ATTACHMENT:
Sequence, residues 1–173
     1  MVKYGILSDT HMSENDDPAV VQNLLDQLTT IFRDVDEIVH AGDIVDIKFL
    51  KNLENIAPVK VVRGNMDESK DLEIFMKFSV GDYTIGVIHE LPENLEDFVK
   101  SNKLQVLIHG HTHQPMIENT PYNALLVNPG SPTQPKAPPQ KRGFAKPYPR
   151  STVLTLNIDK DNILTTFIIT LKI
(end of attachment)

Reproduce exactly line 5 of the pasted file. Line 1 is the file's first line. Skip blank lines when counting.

   151  STVLTLNIDK DNILTTFIIT LKI